And even in the first century women--including women Paul knew--could teach in non-liturgical, non-magisterial capacities. For example, Priscilla helped give the evangelist Apollos private instruction on the true role of Jesus (Acts 18:26). In fact, Priscilla seems to have taken the lead role, since she is mentioned before her husband, Aquilla, in the passage.
Might St. Paul's remarks about women not speaking in church have to do with this issue--not adopting teaching functions proper to the ordained?
That is, actually, how the Congregation for the Doctrine of the Faith has understood the matter . . .
In 1976 the Congregation for the Doctrine of the Faith published an instruction called Inter Insigniores on the admission of women to the ministerial priesthood. In setting this issue in a larger context, the Congregation touched on some of the passages in which St. Paul discusses women. In particular, the Congregation wrote:
Another objection [to the Church's practice of not ordaining women] is based upon the transitory character that one claims to see today in some of the prescriptions of Saint Paul concerning women, and upon the difficulties that some aspects of his teaching raise in this regard.
But it must be noted that these ordinances, probably inspired by the customs of the period, concern scarcely more than disciplinary practices of minor importance, such as the obligation imposed upon women to wear a veil on their head (1 Cor 11:2-16); such requirements no longer have a normative value.
However, the Apostle's forbidding of women to speak in the assemblies (1 Cor 14:34-35; 1 Ti, 2:12) is of a different nature, and exegetes define its meaning in this way: Paul in no way opposes the right, which he elsewhere recognises as possessed by women, to prophesy in the assembly (1 Cor 11:5); the prohibition solely concerns the official function of teaching in the Christian assembly.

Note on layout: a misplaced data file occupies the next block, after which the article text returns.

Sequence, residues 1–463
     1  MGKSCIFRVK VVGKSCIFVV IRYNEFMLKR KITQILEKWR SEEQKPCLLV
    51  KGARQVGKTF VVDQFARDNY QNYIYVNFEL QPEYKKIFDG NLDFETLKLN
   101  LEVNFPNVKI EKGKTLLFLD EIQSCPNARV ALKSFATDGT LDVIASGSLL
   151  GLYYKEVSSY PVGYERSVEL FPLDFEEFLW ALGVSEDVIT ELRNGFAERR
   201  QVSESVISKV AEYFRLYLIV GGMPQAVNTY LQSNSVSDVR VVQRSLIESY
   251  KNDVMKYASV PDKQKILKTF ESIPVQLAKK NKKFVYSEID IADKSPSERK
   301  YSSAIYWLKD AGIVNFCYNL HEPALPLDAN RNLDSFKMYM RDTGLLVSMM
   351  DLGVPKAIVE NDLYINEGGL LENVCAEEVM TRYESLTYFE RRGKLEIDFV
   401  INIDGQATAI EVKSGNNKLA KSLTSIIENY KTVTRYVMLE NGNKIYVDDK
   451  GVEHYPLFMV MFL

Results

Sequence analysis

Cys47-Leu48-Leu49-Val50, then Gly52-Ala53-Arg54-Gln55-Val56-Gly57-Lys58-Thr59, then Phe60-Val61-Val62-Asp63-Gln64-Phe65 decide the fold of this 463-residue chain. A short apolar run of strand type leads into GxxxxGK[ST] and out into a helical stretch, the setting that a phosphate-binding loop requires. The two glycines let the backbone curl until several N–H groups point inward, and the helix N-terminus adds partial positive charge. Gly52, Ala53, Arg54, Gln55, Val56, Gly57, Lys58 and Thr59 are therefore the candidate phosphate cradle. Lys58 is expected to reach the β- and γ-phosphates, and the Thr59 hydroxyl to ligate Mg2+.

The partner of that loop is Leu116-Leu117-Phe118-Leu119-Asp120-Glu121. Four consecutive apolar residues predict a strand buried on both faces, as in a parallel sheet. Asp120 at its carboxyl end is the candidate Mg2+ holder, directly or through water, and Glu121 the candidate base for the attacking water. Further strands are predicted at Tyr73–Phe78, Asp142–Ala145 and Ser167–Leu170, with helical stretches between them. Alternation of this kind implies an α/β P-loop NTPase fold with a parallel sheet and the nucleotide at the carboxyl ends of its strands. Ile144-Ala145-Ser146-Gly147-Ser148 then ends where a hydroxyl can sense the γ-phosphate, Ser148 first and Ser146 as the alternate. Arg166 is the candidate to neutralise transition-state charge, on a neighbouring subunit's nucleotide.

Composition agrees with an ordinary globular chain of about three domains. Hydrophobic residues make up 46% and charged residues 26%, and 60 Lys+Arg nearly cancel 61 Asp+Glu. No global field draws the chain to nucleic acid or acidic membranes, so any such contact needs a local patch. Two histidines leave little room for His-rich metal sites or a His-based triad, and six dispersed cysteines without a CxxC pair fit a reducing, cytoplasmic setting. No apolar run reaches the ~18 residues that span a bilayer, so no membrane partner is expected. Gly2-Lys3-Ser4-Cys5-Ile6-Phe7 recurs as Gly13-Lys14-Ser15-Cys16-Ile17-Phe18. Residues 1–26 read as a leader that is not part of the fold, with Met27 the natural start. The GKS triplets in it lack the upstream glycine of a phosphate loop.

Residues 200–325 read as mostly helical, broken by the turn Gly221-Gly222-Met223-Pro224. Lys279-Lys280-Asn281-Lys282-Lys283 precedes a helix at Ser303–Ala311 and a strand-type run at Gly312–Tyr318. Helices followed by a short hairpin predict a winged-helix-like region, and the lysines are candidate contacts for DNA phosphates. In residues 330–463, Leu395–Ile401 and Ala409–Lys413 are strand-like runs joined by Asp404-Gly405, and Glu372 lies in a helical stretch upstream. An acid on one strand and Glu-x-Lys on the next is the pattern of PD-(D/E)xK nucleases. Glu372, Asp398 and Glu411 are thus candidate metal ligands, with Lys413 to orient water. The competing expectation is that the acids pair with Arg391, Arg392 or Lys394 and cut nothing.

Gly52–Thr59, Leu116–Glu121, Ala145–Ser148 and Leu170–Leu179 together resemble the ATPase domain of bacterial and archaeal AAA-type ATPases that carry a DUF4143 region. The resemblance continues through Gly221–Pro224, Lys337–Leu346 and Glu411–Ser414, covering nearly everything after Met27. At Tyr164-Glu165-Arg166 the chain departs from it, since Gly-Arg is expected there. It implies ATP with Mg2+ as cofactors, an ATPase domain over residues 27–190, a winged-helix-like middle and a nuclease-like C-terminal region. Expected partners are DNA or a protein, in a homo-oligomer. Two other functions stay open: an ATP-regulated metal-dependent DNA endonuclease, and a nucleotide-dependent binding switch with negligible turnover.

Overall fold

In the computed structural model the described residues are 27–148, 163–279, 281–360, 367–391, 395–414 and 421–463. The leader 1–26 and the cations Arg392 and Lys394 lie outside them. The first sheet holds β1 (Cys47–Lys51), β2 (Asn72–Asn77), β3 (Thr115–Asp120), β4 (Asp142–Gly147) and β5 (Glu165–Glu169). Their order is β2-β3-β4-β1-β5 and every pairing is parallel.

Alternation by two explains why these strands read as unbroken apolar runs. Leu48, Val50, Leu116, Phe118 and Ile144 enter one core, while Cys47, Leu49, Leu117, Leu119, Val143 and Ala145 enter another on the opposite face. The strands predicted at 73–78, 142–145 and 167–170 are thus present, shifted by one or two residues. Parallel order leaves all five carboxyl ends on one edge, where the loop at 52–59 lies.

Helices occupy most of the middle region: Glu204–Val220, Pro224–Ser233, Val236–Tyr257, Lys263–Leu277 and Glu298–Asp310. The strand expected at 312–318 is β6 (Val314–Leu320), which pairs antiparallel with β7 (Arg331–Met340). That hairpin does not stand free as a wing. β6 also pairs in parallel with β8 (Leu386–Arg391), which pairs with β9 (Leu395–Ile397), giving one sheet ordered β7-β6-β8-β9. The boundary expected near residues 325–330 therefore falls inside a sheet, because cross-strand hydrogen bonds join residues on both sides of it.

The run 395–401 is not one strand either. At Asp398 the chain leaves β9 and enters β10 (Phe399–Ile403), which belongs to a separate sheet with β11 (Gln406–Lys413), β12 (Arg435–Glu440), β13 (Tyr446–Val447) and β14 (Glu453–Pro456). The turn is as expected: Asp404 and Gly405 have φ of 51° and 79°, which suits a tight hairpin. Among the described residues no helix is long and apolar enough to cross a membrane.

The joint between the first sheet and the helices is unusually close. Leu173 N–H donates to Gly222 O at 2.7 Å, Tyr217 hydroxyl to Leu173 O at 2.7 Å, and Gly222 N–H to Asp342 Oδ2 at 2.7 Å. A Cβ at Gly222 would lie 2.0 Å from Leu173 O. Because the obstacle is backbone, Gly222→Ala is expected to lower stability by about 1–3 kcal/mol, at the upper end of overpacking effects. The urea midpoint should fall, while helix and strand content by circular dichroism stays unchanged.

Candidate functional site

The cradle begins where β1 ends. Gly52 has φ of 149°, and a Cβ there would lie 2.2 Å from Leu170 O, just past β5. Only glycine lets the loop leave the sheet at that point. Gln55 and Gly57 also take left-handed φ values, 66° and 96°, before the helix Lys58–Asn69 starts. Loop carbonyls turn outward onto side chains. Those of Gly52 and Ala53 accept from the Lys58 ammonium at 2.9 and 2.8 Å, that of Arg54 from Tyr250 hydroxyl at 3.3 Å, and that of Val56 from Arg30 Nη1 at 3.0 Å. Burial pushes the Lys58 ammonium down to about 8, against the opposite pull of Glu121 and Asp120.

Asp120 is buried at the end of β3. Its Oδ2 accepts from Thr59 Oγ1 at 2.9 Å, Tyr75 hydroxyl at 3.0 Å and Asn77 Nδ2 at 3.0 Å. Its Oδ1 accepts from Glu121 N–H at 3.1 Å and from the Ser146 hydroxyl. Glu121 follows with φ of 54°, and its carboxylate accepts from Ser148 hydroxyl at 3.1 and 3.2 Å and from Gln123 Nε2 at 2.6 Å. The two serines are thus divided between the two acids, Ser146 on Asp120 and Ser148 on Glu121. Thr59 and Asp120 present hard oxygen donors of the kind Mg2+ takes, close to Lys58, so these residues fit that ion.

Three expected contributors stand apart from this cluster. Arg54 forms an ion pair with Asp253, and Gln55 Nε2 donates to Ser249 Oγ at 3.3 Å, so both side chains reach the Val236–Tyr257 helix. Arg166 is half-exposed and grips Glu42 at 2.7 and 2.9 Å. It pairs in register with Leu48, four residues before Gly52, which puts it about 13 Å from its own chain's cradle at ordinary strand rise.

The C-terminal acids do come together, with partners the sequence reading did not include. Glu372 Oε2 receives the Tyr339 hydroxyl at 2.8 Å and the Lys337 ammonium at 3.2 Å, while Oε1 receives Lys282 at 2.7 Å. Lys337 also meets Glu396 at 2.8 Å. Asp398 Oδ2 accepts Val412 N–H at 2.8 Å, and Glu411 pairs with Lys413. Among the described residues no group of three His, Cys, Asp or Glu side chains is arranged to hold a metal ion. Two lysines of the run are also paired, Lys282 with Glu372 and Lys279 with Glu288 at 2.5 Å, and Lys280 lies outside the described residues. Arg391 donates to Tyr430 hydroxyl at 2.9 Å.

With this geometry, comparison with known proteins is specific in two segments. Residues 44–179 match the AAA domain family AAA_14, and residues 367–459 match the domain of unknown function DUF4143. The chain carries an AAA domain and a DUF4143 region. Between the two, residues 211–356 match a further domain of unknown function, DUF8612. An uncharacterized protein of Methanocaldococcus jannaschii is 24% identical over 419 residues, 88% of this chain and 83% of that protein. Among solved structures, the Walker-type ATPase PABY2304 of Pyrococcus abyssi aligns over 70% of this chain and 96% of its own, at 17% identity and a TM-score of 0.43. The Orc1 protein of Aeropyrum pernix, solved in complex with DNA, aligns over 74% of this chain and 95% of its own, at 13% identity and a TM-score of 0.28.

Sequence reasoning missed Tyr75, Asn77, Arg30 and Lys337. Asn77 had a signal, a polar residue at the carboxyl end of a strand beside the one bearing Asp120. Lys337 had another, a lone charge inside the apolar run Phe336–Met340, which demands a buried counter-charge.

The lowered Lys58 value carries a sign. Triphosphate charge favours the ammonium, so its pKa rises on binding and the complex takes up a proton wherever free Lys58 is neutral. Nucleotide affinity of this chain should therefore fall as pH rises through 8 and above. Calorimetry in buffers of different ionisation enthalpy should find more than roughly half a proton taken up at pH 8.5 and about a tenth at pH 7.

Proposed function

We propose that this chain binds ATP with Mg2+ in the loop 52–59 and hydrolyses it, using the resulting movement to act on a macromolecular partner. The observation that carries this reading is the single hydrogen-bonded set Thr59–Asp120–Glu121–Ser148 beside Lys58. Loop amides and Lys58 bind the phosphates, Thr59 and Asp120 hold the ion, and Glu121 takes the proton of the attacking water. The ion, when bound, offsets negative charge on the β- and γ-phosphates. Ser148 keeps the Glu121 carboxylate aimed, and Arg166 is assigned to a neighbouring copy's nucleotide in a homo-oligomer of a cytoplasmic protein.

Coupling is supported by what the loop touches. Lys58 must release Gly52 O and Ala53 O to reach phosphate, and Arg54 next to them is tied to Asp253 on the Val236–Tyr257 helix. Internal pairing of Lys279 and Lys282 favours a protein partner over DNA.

For Saint Paul this prescription is bound up with the divine plan of creation (1 Cor 11:7; Gen 2:18-24): it would be difficult to see in it the expression of a cultural fact.
Nor should it be forgotten that we owe to Saint Paul one of the most vigorous texts in the New Testament on the fundamental equality of men and women, as children of God in Christ (Gal 3:28).
Therefore there is no reason for accusing him of prejudices against women, when we note the trust that he shows towards them and the collaboration that he asks of them in his apostolate.
Pope Benedict on the Passage
The most recent magisterial statement on the passage that I am aware of is from one of Pope Benedict's general audiences in 2007.
He only dealt with the passage briefly, and he referred the matter to exegetes (Bible scholars) to articulate more fully, but he also understood the apparent prohibition in a conditioned way that does not require literal silence:
The Apostle accepts as normal the fact that a woman can "prophesy" in the Christian community (I Cor 11: 5), that is, speak openly under the influence of the Spirit, as long as it is for the edification of the community and done in a dignified manner.
Thus, the following well-known exhortation: "Women should keep silence in the Churches" (I Cor 14: 34) is instead to be considered relative.
Let us leave to the exegetes the consequent, much discussed problem of the relationship between the first phrase - women can prophesy in Churches - and the other - they are not permitted to speak; that is, the relationship between these two apparently contradictory instructions. This is not for discussion here [General Audience, Feb. 14, 2007].
St. Paul Can Be Hard to Understand
St. Paul's writings can be difficult to understand at times. This was noted by St. Peter himself, when he wrote:
2 Peter 3
[15b] So also our beloved brother Paul wrote to you according to the wisdom given him,
 speaking of this as he does in all his letters. There are some things in them hard to understand, which the ignorant and unstable twist to their own destruction, as they do the other scriptures.
The precise way to square everything St. Paul says regarding the role of women in the Church may fall into the "hard to understand" category, but we can approach the text recognizing the fundamental equality of the sexes that St. Paul emphasizes and that the statement he makes regarding women being silent in church does not require what you might think if the passage were taken in isolation.
By the Way . . .
I mentioned that the priest who wrote in is a member of the Secret Information Club. That's a free service I offer by email in which I send out information on a variety of fascinating topics connected with the Catholic faith.
The very first thing you’ll get if you sign up is an “interview” I did with Pope Benedict on the book of Revelation. What I did was compose questions about the book of Revelation and take the answers from his writings.
He has a lot of interesting things to say!
If you’d like to find out what they are, just sign up at www.SecretInfoClub.com or use this handy sign up form:
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In the meantime, what do you think?